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Mindful : October 2013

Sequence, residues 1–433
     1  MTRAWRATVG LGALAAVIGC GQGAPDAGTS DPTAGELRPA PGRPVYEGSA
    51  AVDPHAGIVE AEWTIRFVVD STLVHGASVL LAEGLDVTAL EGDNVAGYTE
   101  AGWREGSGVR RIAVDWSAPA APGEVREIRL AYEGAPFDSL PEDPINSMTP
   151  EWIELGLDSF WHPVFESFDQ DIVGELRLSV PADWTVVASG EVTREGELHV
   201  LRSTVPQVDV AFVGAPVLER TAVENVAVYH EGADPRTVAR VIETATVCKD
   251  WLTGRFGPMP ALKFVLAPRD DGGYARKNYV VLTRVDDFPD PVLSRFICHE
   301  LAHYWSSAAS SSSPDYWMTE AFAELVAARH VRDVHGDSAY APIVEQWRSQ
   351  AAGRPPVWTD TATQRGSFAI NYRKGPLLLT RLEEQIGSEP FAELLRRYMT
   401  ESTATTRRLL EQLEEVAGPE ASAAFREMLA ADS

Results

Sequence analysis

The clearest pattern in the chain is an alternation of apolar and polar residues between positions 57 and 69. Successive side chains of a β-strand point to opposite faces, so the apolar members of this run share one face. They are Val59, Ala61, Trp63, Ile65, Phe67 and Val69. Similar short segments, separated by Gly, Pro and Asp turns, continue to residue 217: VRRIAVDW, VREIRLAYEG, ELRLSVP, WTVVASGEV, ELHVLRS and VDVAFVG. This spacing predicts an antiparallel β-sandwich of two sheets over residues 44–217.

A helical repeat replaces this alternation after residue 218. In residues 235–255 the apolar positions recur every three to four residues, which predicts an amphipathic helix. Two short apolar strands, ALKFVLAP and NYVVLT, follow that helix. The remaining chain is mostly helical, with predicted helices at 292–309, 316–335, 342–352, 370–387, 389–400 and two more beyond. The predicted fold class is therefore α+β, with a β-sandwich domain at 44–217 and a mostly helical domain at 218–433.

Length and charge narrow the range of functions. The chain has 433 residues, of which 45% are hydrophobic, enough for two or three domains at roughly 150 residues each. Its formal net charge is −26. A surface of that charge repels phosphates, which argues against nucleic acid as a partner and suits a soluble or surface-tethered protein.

Buildings for Real Places If you head southwest from Denver on Highway 9, you’ll eventually find yourself in Garo, Colorado. It’s where the road and sky meet, with mountains off in the distance. Buffalo Peaks Ranch is nearby. Estab- lished in 1863, it’s one of the oldest ranches in the state. This is one of the places Ekaterini “Kat” Vlahos takes her students. She teaches architecture at the University of Colorado in Denver, and she believes that instilling in her students a sense of the land, as well as the traditions of the people who settled there, makes for better, more conscious design. First, she asks her students to choose a spot. They sit and sketch for five minutes. Then they walk the site. They’re off by themselves, not talking to each other. “They’re doing a kind of walking meditation; they’re engrossed in the place,” says Vlahos. “Then I have them come back to the same site an hour later, and I say, ‘I want you to sit and sketch and obser ve what’s changed.’” Vlahos has her students do this several times during their site visits because even if all they’ve noticed is a change in the light, it’s valuable. “If you star t at nine in the morning and finish at three in the afternoon, the position of the sun is vastly different,” she says. “To be able to pick up on those things, and the nuances of the environ- ment, is critical. We do that by sitting quietly and observing.” Back in the classroom, the students discuss what they experienced. “Many of them want to go back multiple times,” Vlahos says. “They come up with ideas and they’ll say, ‘I need to go back and make sure I’m making the right deci- sions here. Am I being mindful of the impact I’m going to have on the people who will use what we’re planning to build?’” The result, says Vlahos, is “architecture that is sensitive and appropriate for that place.” Her students will become architects who know how to take people into account. They will also know how buildings interact with the landscape. Vlahos, 53, comes from a long line of Greek immigrants who worked the land. She was born and raised in Colorado but architecture took her to Los Angeles and Baltimore, where she helped design large urban buildings. Wanting to be back in the landscape that nur tured her, she came home to Colorado. Since she returned in the mid-’9 0s, she’s seen how much rural land is being consumed by development, with more than three million acres slated to be developed in the nex t 10 years. “Development for me is not a negative if it’s done well,” she says, “if it takes into account the region, the weather, those very basic things.” Vlahos decided that teach- ing architecture was the best way to ensure that future construction would take these fundamental elements into account. She’s also the director of the school’s Center of Pres- er vation Research, where they assemble documentation and analy ze historic sites. Ekaterini Vlahos and former student Mike Nulty, who is now a colleague at the Center of Preservation Research. “I reconnect to ever yday, ordinary places for inspira- tion,” she says. “For example, I found in these old ranches the buildings would be sided beautifully to maximize solar gain. They really understood the environment.” Her students help repur- pose older structures for clients. Recently, a couple wanted to find a new home for their 30,000 -volume library of historic books. That home will be the renovated Buffalo Peaks Ranch. Vlahos will guide her students through the design and preservation processes, how the ranch buildings will change in order to house books rather than livestock. “I use historic sites as a teaching tool,” she says. “ We try to understand what is there, to really obser ve. What I find is that the students become much more mindful about their proposals and actions because they’re tied to an actual place. We’re solving real problems for real people in real places.” ● “Students become much more mindful about their proposals and actions because they’re tied to an actual place.” Ekaterini Vlahos BE A THERMOMETER Notice hot, cold, cool, warm. Notice the movement of air. Does the temperature change? Back to regular life. Find more on Twitter @mindinterrupter OVERHEARD “I’ve been meditating for two years now. I had been leery of the new-age sensibil- ity around it, but friends talked about it in a very scientific way. It’s made a tremen- dous difference in my life.” ABC News journalist George Stephanopoulos at the Third Metric Conference 12 mindful October 2013 now PHOTOGRAPHBYJESSEKUROIWA